"PIRAEUS" Top 5 Page for this destination Piraeus by mindcrime
Piraeus Travel Guide: 104 reviews and 387 photos
Ok, lets begin with the basics, Piraeus is not the port of Athens, but one of the three main ports of Attica region (actually it is the biggest port in Greece). Piraeus isn’t a district of Athens, but a different city with locals that love their city and their football team OLYMPIAKOS and they will feel insulted if you tell them they are just part of Athens, and of course walking around with a tshirt of Panathinaikos (the big enemy of Olympiakos) is really a bad idea in Piraeus :)
It has about 180,000 inhabitants (while Greater Piraeus area houses about 500,000 in total) and is located 12km SW from Athens on the east coast of Saronic Gulf.
Most visitors on their way to the greek islands get disappointed with Piraeus because what they see is the commercial harbor which is as ugly as every big port all over the world. You get out of the train station and what you see is people all over, locals, tourists with backpacks on their way to the ferries and immigrants selling fake purses.
But a few streets away is the real city with some nice corners, churches, squares, museums (Hellenic Naval Museum, Archeological Museum) and smaller harbors like Pasalimani and Mikrolimano with the café/restaurants next to the water, the picturesque Kastella Hill etc
Piraeus was inhabited from prehistoric times and what we know now as Kastela was Munichia, a steep hill on a rocky island that was separated from the rest of Attica peninsula with a low level stretch of land between them that was called Halipedon usually flooded by sea water but when it went dried they used it as a salt field. Munichia was fortified in 511BC by tyrant Hippias (a cruel ruler that was expelled from Athens a year later and Athens became a free democratic state). Piraeus became dimos (subdivision) of Attica in 507BC .
Until 6th century the main port was the sandy bay of Faliro (a few kilometers to the west, even today many people go there for the beach) but in the early 5th century BC Piraeus became the main port with its 3 natural harbors:Cantharus(main port now and then), Zea and Munichia (now Mikrolimano). It wasn’t only the main hub for import and trade into Athens state but also a naval port that hosted the famous and powerful Athenian fleet and used many times in Greco-Persians wars. Piraeus became a military base after the construction of Themistoclean Walls and became a much safer town with the addition of the Longs Walls that connected Piraeus with Athens and ensured that as long as Athens was controlling Aegean sea would have supplies). At that time there was nothing between the 2 cities, of course if you look at the map today there’s no blank space anywhere between them (actually Piraeus urban area is inside Athens urban area) but back then it was like a huge direct long road between Piraeus and Athens, today Piraeus road connects the 2 cities but also the subway line (from 1835 there were horse carriages along the line but after 1869 became a real railway line (with steam machines). Syngrou avenue connects Athens with Faliro.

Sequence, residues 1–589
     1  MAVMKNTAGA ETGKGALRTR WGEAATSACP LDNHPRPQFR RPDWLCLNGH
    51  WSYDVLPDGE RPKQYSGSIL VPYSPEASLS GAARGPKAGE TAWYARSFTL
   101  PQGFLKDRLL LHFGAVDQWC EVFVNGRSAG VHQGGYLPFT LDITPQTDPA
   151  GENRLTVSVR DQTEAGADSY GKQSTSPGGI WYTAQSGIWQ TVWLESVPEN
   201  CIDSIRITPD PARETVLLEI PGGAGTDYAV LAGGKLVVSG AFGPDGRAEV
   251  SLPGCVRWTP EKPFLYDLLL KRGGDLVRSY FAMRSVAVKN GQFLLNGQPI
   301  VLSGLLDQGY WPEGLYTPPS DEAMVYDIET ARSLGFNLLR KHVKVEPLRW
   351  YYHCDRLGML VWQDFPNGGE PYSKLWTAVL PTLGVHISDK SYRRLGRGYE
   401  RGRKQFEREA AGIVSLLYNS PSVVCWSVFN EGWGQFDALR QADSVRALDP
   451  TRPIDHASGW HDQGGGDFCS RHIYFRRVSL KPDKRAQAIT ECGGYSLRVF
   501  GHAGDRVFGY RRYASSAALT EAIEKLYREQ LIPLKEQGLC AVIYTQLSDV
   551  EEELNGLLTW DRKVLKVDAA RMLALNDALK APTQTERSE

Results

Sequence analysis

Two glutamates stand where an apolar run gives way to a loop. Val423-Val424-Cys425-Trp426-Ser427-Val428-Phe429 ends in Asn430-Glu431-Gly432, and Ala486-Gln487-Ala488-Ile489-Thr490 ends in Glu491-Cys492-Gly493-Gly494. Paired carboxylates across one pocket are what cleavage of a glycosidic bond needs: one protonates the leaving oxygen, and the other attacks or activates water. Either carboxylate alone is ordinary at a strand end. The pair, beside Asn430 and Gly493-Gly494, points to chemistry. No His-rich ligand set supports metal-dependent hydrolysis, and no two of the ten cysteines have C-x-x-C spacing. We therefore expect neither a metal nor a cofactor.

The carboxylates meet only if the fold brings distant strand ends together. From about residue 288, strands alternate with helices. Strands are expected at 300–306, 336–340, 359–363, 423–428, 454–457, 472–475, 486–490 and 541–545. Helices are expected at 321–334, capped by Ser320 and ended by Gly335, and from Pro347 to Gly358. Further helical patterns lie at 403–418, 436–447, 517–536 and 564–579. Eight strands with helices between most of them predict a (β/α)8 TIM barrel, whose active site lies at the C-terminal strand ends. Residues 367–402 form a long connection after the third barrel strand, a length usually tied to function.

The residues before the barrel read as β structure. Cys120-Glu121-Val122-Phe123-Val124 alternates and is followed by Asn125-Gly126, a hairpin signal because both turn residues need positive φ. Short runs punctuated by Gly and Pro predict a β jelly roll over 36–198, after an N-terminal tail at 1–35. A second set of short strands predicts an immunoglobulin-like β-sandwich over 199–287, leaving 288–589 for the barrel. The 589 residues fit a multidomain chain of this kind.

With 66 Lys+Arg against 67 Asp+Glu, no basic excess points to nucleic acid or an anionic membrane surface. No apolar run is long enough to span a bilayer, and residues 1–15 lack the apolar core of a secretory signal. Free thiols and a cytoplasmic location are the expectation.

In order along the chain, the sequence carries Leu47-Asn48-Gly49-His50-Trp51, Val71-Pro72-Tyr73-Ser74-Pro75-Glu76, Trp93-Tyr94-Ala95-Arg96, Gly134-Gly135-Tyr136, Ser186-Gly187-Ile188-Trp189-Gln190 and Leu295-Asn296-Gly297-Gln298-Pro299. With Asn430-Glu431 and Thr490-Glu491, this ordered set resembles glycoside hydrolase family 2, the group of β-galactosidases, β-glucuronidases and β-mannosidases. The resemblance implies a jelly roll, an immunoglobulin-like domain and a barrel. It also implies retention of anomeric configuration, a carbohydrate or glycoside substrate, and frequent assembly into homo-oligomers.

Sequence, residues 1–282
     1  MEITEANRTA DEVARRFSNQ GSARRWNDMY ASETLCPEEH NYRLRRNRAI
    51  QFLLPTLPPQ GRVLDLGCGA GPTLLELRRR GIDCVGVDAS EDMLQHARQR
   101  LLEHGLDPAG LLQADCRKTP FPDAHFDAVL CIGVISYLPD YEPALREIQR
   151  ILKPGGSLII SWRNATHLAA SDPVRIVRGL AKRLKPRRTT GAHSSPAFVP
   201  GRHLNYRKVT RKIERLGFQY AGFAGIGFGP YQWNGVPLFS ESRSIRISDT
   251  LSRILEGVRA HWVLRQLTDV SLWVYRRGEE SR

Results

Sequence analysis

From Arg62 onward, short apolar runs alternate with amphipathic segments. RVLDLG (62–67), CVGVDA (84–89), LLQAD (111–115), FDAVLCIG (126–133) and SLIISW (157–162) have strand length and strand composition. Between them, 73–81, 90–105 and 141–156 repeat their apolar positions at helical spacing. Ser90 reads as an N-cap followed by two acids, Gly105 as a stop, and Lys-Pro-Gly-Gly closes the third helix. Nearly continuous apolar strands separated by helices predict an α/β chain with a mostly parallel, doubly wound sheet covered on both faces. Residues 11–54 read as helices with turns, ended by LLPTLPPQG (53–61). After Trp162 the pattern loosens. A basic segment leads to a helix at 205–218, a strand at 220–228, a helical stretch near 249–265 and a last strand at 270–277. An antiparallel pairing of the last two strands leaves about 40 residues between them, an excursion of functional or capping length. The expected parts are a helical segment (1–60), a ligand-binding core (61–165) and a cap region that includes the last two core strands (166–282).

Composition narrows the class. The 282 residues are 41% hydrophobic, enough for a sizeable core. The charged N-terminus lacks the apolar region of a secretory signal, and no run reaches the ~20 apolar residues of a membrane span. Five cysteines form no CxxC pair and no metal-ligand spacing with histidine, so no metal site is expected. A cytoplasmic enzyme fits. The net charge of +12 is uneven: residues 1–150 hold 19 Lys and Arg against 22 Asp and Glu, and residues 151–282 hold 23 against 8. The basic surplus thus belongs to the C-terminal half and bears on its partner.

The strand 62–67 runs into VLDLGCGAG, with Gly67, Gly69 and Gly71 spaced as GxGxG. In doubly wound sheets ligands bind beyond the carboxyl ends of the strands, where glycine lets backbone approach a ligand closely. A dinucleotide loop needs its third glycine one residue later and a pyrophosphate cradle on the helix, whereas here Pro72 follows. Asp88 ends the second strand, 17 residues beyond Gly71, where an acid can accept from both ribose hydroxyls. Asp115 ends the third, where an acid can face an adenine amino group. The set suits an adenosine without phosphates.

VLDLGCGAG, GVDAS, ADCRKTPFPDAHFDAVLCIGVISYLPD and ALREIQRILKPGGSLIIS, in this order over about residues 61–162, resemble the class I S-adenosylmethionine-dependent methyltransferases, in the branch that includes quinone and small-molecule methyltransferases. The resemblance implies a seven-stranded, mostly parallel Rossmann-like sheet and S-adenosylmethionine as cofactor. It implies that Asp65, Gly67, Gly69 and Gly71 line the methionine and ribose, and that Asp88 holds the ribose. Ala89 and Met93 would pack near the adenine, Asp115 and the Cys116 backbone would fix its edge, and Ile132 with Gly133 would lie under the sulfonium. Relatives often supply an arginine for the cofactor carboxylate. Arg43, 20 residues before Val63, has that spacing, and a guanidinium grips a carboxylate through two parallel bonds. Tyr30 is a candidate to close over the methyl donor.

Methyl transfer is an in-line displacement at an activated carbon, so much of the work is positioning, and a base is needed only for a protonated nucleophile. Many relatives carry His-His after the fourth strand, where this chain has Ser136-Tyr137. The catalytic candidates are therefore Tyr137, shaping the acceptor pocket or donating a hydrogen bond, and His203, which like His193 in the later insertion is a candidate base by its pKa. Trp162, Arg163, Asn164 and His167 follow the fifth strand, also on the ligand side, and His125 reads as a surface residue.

Piraeus fell along with Athens in Peloponnesian War from Spartans, recovered later but destroyed completely in 86BC by romans and again much later in 395AD by Goths, the german tribe that caused the fall of the Roman Empire.
During the Middle Ages was just a small port and was called Porto Leone by the Venetians because of the famous 3m high marble lion statue that was looted in 1687 and is now in Venice (but some fans of Olympiakos FC still like to use this name!), a name that Ottomans also used (Aslan Liman). The truth is that during ottoman occupation Piraeus was an empty land with only a monastery (St Spyridon) located there.
Modern Piraeus was founded in 1835, 3 years after Athens became the capital of Greece so many greeks started to come from many Aegean islands. Until then there was just a land of the ruined monastery with numerous pastures around and then some huts of the fishermen. But the port started to grow, it was also a period that many people from the west arrived. The population was about 1,000 people but until 1896 went up to 50,000 (3 years earlier the creation of Corinth Canal gave a boom to Piraeus economy). New structures, important buildings, neoclassical jewels (Municipal Theatre) were added at the beginning of 20th century but also a demographic boom that caused because of the thousands refugees that came from Asia Minor after the war with Turkey. Many of them were musicians that brought music elements from there, creating a new greek folk music called rebetiko which was very popular among the lower classes (the majority in Piraeus comparing to the bourgeoisie in Athens) and could be heard in local taverns or hashish dens.
In our days it’s a huge port, still biggest in Greece with a large marine but also a huge commercial and industrial centre. Main port h 20 millions passengers annually it is by far the largest passenger port in Europe.
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